Rosalyne Blumenstein and the Art of Living
In her newest series, artist and activist Zackary Drucker pays homage to a trans icon.
By Susan Stryker
“My transition from young white boy with a false sense of privilege in the 1970s to young tranny-girl with little or no privilege was a real smack in the face,” Rosalyne Blumenstein wrote in her 2003 autobiography, Branded T. “My spirit and soul seemed to be uplifted and smashed on a daily basis.”
Blumenstein is an icon. I met her, in 1993, when I came to New York as a newbie trans activist from San Francisco and visited the Lesbian and Gay Community Services Center, where Blumenstein, a self-described “woman of transexual experience,” lent street cred as director of the center’s pioneering Gender Identity Project, which included an HIV-prevention program for trans people. Blumenstein didn’t invent the word transgender, but she popularized it through her public-health work.
I doubt she remembers that brief encounter. Although we are only a year apart in age, I was just getting my feet wet (head first) in the trans scene, while she’d been in the life a long time. Blumenstein lived as I’d been afraid to live as a young teen, struggling with my gender dysphoria, fearing the only way to be the person I was to become would be to abandon everything for a walk on the wild side of Manhattan. Blumenstein’s path from Canarsie, Brooklyn, to Forty-Second Street was shorter than mine would have been from small-town Oklahoma, but she nevertheless had the huevos to transition at sixteen, which I didn’t manage until thirty. She boldly lived what I but timorously imagined.
A generation after her heyday in the demimonde, Blumenstein relocated to Southern California and became, among other things, muse and mentor to LA-based trans multimedia artist Zackary Drucker, who regards Blumenstein as one of her legendary foremothers—an iconically feminine, decidedly binary-gendered incarnation of Botticelli’s Venus. The power of an iconic image is its capacity to simultaneously represent many desires, however contradictory or mutually exclusive, that exceed everything invested in it. For me, Drucker’s recent photographs of Blumenstein embody the fantasy of the fierce, street-smart trans girl who survives into empowered womanhood—a lived reality attested to by Blumenstein’s own compelling photographic archive.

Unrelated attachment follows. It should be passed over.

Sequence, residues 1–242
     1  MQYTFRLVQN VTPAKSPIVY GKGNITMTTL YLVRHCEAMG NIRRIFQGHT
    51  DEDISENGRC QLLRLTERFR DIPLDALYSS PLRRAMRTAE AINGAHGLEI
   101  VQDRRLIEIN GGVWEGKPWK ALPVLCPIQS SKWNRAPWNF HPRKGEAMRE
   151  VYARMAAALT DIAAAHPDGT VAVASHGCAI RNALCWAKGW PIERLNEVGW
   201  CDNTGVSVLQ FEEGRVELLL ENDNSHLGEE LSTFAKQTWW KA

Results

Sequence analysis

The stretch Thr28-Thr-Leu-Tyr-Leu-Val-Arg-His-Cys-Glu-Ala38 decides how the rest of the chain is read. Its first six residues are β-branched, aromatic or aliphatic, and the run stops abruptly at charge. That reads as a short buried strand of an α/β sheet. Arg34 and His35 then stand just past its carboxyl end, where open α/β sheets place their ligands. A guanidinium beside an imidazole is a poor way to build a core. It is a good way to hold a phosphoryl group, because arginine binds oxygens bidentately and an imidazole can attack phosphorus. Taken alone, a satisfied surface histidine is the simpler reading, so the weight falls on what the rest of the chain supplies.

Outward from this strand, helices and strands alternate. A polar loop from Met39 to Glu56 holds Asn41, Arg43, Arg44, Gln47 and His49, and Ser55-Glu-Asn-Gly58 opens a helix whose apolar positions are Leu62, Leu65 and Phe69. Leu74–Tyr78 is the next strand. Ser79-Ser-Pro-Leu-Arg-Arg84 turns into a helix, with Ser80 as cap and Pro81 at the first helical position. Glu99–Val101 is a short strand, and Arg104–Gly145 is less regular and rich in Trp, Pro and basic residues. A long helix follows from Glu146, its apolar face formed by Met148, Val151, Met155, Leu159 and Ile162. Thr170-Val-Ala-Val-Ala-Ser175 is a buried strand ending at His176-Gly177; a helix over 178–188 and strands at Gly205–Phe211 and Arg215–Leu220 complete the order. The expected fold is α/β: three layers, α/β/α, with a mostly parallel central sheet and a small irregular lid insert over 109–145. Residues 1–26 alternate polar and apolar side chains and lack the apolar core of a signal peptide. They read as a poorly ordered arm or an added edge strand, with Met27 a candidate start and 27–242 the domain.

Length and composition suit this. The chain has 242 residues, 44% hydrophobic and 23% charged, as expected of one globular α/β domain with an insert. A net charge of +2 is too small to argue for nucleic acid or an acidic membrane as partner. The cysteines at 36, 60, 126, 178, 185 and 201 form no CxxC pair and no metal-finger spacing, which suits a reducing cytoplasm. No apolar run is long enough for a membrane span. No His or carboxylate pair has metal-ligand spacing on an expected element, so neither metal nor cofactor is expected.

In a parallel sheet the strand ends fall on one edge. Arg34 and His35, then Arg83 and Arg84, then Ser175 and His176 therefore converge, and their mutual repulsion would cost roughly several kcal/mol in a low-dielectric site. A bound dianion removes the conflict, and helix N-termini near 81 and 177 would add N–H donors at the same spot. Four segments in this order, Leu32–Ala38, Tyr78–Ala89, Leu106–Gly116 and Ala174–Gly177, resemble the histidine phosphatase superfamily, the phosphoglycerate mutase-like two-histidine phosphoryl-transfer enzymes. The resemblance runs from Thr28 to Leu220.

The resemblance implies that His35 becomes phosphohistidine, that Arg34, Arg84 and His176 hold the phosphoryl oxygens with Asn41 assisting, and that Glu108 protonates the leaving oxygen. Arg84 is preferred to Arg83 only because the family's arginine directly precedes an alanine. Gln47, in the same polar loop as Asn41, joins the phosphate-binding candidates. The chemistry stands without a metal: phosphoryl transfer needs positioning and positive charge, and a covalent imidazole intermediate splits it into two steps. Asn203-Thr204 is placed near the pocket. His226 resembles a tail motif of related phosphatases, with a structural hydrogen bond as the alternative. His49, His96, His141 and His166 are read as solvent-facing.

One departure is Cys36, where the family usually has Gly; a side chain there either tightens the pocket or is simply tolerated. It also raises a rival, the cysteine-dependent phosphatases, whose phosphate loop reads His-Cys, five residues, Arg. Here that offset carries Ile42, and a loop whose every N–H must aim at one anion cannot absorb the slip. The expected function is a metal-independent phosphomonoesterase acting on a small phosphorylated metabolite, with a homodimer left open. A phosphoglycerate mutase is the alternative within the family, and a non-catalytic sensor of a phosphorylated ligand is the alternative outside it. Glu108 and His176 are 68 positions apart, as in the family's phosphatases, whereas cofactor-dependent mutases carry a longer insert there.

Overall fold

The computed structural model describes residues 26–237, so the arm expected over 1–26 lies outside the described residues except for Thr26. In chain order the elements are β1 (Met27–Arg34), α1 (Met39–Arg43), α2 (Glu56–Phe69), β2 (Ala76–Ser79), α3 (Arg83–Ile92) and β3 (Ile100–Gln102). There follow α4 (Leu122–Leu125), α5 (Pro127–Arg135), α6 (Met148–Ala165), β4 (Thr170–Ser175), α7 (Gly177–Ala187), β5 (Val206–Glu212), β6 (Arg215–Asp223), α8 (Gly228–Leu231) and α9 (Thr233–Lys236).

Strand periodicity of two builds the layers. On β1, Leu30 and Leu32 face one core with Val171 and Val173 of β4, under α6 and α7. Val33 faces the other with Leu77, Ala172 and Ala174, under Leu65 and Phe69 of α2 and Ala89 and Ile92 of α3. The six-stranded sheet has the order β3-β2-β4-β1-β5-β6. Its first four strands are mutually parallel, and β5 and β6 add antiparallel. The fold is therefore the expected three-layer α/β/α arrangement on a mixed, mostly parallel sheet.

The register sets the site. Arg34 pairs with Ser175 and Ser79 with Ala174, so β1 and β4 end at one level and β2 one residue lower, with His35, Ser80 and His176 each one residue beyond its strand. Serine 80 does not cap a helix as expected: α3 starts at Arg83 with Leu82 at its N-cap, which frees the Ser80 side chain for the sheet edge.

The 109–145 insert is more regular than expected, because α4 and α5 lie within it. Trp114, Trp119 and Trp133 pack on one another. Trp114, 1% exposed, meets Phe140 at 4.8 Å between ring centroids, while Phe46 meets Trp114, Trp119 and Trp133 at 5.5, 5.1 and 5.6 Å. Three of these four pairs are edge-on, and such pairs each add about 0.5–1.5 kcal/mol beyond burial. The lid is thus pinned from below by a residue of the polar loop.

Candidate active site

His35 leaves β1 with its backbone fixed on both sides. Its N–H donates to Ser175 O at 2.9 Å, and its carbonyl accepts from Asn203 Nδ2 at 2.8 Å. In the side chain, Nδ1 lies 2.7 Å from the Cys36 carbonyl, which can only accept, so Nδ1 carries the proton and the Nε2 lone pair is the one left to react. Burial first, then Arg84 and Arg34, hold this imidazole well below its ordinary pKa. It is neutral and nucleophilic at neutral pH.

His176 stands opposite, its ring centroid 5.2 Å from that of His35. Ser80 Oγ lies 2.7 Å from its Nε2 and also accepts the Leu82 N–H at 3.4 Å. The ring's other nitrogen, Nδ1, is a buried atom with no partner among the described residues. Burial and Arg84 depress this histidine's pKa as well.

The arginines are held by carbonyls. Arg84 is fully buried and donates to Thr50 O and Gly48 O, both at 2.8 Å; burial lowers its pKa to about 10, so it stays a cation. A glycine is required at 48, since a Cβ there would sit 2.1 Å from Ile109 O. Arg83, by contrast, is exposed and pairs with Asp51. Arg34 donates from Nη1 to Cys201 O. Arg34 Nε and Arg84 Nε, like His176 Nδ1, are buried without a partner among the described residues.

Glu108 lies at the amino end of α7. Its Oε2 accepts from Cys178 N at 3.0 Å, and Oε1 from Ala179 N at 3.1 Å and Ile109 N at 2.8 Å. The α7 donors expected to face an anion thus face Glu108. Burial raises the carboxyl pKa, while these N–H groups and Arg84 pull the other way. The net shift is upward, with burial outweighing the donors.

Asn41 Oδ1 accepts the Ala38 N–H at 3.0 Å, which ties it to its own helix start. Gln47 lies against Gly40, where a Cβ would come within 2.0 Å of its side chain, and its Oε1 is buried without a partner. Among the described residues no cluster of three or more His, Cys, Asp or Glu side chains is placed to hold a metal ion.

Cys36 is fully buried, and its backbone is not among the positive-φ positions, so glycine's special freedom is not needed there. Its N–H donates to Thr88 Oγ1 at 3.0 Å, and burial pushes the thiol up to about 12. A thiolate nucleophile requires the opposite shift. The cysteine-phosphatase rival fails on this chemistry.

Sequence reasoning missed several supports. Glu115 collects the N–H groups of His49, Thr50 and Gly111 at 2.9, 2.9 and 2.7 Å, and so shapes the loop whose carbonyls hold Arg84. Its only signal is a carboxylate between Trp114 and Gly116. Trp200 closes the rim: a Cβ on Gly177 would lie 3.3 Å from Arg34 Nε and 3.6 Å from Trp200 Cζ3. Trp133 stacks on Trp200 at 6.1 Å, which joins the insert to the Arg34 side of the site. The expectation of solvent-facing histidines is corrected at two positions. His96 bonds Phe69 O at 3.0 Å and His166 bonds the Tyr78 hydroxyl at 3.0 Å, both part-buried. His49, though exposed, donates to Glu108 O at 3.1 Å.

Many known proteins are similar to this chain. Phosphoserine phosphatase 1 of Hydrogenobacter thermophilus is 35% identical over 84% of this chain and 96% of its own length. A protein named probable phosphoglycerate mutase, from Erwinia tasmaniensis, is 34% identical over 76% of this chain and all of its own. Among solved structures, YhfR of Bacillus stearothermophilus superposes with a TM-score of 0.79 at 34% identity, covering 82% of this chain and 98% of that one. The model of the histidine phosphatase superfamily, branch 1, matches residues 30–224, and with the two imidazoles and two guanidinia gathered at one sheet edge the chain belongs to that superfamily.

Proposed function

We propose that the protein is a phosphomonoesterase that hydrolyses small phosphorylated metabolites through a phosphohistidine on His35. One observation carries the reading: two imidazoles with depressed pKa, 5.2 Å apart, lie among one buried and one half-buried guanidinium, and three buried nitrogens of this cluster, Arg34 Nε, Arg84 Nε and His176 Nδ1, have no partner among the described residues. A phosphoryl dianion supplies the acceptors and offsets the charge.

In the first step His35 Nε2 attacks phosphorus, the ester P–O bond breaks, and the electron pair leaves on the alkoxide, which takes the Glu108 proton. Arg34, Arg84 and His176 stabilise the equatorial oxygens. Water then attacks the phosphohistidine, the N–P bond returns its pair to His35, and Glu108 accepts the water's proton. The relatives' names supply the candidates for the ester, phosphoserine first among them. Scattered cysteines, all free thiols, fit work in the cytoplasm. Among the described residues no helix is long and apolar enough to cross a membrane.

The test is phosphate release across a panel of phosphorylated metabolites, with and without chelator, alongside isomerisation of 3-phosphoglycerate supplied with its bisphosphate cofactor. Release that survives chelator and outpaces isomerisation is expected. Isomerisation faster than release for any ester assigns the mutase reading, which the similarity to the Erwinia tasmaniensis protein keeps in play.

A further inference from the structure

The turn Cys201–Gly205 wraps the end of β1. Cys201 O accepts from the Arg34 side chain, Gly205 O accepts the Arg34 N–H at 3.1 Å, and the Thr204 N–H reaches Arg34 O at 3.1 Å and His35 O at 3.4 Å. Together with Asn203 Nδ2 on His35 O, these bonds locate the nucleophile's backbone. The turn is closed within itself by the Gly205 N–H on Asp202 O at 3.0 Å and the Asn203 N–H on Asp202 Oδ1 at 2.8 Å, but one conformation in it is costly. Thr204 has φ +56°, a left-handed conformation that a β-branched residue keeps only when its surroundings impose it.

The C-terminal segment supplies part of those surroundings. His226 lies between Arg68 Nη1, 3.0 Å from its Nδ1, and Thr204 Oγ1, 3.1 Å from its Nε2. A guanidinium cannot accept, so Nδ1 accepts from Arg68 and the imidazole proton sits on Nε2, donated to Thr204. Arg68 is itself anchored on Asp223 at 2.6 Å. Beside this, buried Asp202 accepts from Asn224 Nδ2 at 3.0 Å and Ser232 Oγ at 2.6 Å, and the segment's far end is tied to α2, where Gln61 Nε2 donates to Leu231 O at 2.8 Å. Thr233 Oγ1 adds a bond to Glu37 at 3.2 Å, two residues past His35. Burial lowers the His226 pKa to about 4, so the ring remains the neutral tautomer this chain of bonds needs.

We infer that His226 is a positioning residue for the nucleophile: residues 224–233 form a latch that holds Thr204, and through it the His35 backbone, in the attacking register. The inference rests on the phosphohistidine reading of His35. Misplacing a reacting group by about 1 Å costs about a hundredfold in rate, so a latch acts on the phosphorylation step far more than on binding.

Blumenstein is that actualized fantasy and more. The neither/both/other-than of trans-ness layers itself—a powerful, unasked for, and sometimes unwanted gift—atop even the most intransigent of our identifications. As a child, Drucker was enthralled by the fantasy of magical metamorphosis that Tilda Swinton portrayed in the 1992 film Orlando. She sees Blumenstein through that lens: a doubly amphibious, alchemical lady in fiery red, straddling earth and water in open air. Swinton’s own affinity with Orlando similarly lies in her perception of that character’s freedom to break the bonds of binary gender and roam the open territories beyond particular identity. Transgender has long iconized the fantasy of limitlessness.
In practice, flesh—as with any material medium—is not infinitely plastic, nor are our identifications. The cut that accomplishes one intention inevitably constrains another, whether physically or psychically. Yet as Drucker’s images, Swinton’s editorial vision in this issue of Aperture, and Blumenstein’s lived experience all attest, transgender can function as an art of living that enacts, destroys, and elevates the intent it seeks to realize.
Susan Stryker is the author, most recently, of the revised edition of Transgender History: The Roots of Today’s Revolution (2017).